• PV direct systems: These systems supply the load only when the Sun is shining. There is no storage of power generated and, hence, batteries are absent. An inverter may or may not be used depending on the type of load.
    • Off-grid systems: This type of system is commonly used at locations where power from the grid is not available or not reliable. An off-grid solar power system is not connected to any electric grid. It consists solar panel arrays, storage batteries and inverter circuits.
    • Grid connected systems: These solar power systems are tied with grids so that the excess required power can be accessed from the grid. They may or may not be backed by batteries.


    In less than two hours, enough sunlight strikes the earth to satisfy the world economies’ annual energy demand. Despite this abundance of solar energy, the conversion of sunlight into usable energy forms only represents a tiny fraction of today’s global energy supply. Yet, the share of solar energy in global energy supply, especially in the electricity sector, is rising rapidly. Unprecedented deployment has taken place in the last decade, stimulated by efforts to improve energy access, security of supply and mitigate climate change. Between 2010 and 2017, the global installed capacity of solar generation increased more than tenfold from 34 GW to 437 GW (IRENA 2020). Steep learning curves and the economies of scale enabled technological improvements and, in consequence, have led to massive cost reductions.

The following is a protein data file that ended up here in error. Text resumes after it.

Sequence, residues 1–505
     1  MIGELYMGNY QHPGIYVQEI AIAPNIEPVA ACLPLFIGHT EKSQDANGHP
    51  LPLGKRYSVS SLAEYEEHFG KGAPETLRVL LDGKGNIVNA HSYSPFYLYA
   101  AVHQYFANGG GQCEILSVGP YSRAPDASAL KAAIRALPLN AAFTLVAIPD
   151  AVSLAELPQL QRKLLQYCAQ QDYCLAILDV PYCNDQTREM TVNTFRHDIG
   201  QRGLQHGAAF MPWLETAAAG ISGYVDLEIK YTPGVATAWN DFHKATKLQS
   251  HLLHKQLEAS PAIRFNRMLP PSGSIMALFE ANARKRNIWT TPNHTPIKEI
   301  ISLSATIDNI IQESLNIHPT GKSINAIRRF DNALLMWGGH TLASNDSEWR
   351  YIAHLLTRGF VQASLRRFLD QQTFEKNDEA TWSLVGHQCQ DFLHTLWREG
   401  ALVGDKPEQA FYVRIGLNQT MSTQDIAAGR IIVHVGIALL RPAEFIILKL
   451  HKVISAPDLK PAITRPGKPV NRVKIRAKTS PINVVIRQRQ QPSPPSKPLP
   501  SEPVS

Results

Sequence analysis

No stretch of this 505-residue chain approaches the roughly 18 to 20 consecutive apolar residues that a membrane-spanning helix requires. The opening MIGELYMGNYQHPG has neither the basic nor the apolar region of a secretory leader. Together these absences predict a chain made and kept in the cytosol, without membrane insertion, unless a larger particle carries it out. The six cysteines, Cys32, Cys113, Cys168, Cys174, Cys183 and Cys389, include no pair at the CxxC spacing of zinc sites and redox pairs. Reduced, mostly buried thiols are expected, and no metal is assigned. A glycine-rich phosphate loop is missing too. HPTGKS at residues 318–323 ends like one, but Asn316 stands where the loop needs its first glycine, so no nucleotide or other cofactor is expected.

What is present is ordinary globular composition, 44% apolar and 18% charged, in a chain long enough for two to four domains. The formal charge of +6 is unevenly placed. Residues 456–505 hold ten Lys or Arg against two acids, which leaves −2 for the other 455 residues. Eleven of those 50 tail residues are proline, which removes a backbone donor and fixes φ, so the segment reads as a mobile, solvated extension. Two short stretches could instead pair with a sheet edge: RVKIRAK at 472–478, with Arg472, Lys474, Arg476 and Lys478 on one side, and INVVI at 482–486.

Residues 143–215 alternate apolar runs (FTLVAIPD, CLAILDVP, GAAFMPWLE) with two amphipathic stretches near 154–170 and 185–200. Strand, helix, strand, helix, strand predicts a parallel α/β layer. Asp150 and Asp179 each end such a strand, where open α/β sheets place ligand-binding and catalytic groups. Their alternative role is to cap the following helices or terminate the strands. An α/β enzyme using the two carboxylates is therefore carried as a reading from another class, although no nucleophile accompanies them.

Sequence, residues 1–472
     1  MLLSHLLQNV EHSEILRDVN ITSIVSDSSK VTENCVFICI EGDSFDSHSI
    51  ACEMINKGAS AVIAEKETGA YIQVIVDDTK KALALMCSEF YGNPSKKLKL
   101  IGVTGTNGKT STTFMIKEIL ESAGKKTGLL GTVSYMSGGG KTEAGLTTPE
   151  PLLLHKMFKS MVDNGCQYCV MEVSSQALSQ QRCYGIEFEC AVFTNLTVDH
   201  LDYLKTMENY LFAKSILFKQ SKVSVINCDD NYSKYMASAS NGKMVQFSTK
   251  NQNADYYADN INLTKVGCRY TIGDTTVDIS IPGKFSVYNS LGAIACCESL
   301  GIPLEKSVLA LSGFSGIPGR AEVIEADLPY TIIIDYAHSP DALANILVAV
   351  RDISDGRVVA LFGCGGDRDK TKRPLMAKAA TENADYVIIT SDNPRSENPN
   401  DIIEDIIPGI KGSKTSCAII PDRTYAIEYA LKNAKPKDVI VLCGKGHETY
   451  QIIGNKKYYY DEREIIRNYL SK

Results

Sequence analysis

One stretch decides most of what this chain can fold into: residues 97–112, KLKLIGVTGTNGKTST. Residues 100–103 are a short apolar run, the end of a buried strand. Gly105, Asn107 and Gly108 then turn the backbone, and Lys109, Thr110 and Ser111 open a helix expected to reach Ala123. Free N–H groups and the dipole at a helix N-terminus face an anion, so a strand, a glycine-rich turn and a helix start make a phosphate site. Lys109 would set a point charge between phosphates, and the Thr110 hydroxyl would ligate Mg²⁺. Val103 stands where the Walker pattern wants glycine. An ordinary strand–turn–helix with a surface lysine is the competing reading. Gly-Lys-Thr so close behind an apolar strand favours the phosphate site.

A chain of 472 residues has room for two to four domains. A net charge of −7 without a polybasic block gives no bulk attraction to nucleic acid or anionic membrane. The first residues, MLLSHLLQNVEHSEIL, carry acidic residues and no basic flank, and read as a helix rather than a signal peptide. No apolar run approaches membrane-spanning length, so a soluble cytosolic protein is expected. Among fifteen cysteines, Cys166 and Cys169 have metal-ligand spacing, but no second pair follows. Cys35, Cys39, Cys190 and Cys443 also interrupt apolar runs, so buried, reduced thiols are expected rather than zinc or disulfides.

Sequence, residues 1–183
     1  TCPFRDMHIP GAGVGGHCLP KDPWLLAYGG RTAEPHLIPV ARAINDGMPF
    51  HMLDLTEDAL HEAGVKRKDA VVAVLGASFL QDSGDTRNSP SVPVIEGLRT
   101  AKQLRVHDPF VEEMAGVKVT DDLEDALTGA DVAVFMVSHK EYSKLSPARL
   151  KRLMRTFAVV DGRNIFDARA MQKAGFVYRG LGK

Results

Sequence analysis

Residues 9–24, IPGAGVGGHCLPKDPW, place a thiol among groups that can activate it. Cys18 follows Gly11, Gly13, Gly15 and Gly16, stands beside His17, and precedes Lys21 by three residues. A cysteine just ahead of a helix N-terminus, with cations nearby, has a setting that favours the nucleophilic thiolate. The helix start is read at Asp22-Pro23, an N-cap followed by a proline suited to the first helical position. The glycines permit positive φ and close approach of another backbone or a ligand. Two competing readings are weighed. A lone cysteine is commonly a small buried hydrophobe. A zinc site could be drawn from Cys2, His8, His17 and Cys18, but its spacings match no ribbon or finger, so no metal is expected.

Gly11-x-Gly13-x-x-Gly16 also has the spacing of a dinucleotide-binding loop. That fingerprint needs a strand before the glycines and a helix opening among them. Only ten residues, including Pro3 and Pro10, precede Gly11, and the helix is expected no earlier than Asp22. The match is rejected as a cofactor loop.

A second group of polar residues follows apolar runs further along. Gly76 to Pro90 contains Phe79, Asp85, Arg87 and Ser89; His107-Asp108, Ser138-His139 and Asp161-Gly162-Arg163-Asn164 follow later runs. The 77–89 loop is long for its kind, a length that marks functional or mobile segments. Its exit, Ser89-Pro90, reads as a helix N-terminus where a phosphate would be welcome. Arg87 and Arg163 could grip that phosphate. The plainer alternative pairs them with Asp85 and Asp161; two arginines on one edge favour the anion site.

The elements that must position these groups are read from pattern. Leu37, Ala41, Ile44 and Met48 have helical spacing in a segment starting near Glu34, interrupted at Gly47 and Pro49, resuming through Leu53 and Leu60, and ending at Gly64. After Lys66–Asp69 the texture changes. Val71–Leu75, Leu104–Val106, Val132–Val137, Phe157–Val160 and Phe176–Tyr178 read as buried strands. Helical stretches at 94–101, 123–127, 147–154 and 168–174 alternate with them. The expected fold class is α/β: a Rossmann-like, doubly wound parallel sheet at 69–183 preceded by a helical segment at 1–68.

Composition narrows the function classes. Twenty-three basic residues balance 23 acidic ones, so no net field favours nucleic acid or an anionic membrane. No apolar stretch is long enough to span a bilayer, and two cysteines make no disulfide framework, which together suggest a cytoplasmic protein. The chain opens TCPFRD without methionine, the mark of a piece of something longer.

Solar photovoltaics (PV), the conversion of light into electricity using semiconducting materials, were one of the most expensive electricity-generating technologies when first employed in astronautics in the late 1950s. By 2020, it has become an economically viable energy source for many applications. An alternative technical process to generate electricity from solar radiation is concentrated solar power (CSP). Yet, the latter, accounted for less than 3% of all solar power in global electricity generation in 2017 (IRENA 2020).

    PV is the third most important renewable energy source in terms of global capacity after hydro and wind power. Globally, solar energy is mostly used in Asia, Europe and North America with the strongest rise in Asia, mostly driven by China and India (Fig. 9.1). According the World Energy Outlook of the International Energy Agency, solar PV may become the largest technology in terms of global installed capacity in the Stated Policies Scenario by 2035 (IEA 2019).